The point of the term unnatural selection is that this novel selection force did not co evolve with the species it is affecting. Most of the time this disconnect is about time or space. In the invasive species example, the organisms didn’t occur in the same physical space (like a continent, island, or area) and so the issue is simply about relocation. Other times the unnatural condition is about time, and the obvious example is climate change. Many argue that human activities are a natural part of our evolution, but the key difference is the amount of time it has taken for these changes to occur. Sure, if human induced global changes occurred over millennia, the earth and its inhabitants may, indeed, have plenty of time to coevolve. But the sudden nature of temperature and CO2 changes over the past 100 years did not allow for such a response. Hence, the selection forces are unnatural.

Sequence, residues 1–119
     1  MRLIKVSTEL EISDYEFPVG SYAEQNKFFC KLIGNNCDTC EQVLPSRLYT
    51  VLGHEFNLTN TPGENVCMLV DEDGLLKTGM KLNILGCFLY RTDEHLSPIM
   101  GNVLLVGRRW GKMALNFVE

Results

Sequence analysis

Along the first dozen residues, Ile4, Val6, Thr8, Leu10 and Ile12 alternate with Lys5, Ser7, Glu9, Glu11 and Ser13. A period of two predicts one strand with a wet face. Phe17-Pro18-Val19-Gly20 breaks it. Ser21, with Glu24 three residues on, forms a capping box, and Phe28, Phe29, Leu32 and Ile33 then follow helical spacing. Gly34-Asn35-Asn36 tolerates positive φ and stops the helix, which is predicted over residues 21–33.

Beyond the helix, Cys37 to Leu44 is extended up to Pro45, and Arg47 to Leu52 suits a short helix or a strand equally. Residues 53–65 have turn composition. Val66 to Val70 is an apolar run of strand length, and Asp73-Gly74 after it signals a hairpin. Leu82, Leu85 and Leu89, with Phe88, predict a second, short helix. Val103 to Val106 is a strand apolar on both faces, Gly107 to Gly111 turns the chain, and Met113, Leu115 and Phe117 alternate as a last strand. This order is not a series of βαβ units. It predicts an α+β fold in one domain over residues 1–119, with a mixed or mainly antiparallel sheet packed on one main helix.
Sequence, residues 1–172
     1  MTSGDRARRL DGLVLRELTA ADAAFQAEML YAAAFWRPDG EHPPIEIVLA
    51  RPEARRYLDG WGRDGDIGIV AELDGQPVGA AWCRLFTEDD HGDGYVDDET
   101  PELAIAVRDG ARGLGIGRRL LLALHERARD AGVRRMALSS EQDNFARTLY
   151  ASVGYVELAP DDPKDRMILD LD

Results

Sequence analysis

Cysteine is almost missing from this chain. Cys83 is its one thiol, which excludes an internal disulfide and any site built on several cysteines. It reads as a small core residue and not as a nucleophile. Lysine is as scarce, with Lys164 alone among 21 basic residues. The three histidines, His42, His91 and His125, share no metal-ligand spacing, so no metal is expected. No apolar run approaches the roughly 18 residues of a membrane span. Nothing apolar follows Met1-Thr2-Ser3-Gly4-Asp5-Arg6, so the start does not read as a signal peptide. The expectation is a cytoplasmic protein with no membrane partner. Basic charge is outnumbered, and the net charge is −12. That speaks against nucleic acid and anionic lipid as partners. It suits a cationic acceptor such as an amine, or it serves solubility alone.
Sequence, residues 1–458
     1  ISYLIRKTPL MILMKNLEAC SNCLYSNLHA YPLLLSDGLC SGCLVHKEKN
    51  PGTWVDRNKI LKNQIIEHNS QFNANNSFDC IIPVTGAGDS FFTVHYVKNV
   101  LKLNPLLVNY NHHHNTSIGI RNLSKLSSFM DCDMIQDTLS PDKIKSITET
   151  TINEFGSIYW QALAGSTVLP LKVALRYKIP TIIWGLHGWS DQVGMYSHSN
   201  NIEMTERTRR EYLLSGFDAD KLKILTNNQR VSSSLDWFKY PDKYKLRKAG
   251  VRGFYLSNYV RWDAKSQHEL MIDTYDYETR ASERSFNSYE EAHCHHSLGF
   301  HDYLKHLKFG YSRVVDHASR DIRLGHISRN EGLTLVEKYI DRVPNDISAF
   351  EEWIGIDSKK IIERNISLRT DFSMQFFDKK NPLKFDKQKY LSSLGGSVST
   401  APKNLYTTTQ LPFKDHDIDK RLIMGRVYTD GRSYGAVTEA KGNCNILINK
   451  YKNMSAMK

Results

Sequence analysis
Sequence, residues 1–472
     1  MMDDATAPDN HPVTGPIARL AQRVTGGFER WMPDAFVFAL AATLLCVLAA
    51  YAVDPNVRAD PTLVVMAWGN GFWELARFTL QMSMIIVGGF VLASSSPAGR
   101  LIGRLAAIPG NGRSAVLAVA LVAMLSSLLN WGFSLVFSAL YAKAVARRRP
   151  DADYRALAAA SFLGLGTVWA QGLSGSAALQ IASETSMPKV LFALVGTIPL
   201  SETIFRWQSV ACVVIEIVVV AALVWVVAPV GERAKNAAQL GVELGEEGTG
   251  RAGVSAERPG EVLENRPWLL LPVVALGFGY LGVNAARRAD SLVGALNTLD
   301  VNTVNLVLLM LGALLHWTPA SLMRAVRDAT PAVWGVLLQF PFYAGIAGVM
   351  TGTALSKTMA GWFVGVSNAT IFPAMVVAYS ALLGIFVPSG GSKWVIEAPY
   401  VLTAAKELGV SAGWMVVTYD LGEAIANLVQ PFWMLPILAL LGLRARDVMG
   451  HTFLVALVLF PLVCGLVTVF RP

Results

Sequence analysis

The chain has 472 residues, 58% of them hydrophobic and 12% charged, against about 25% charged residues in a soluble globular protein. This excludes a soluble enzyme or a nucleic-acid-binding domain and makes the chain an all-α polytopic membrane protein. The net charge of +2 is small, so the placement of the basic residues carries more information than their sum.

That’s a long way to go to explain the basis for my argument, but well worth it I hope.

So the main argument I am making in this episode is that humans have imposed a few other unnatural selection forces upon ourselves. If you watched Episode 43, you will know that the main force I consider unnatural is that of conformity. Despite the evidence (which I find compelling, obviously, though you may not) that our DNA, by its very nature, demands that every human fully realize our uniqueness, yet human societies impose the opposite.